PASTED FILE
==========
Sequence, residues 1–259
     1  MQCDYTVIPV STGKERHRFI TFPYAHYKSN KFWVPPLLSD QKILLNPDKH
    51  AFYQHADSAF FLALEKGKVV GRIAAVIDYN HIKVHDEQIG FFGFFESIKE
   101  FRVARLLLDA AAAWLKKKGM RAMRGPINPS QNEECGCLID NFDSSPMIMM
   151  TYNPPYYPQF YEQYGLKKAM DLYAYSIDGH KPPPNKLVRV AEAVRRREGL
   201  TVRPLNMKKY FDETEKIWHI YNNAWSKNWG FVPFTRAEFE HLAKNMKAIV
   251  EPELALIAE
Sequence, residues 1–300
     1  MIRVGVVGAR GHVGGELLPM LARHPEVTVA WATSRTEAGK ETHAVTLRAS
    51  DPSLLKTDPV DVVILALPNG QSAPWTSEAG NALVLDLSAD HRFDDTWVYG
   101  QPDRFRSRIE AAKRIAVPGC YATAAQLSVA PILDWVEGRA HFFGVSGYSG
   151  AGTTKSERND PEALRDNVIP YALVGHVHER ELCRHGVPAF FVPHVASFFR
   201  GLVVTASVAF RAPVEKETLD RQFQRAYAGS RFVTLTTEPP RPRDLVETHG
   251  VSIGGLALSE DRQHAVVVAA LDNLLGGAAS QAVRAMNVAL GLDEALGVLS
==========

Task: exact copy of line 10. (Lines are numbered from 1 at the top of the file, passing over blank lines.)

    51  DPSLLKTDPV DVVILALPNG QSAPWTSEAG NALVLDLSAD HRFDDTWVYG